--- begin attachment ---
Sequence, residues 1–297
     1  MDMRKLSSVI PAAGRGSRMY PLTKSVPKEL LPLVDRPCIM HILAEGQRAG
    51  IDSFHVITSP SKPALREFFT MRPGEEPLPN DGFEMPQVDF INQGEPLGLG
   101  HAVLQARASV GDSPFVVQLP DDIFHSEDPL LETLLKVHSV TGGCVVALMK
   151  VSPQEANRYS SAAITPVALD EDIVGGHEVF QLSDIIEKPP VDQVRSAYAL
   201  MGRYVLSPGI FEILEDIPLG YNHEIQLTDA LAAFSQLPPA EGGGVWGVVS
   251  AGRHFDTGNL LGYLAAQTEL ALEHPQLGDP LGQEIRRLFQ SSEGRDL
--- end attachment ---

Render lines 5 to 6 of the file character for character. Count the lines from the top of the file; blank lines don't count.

   151  VSPQEANRYS SAAITPVALD EDIVGGHEVF QLSDIIEKPP VDQVRSAYAL
   201  MGRYVLSPGI FEILEDIPLG YNHEIQLTDA LAAFSQLPPA EGGGVWGVVS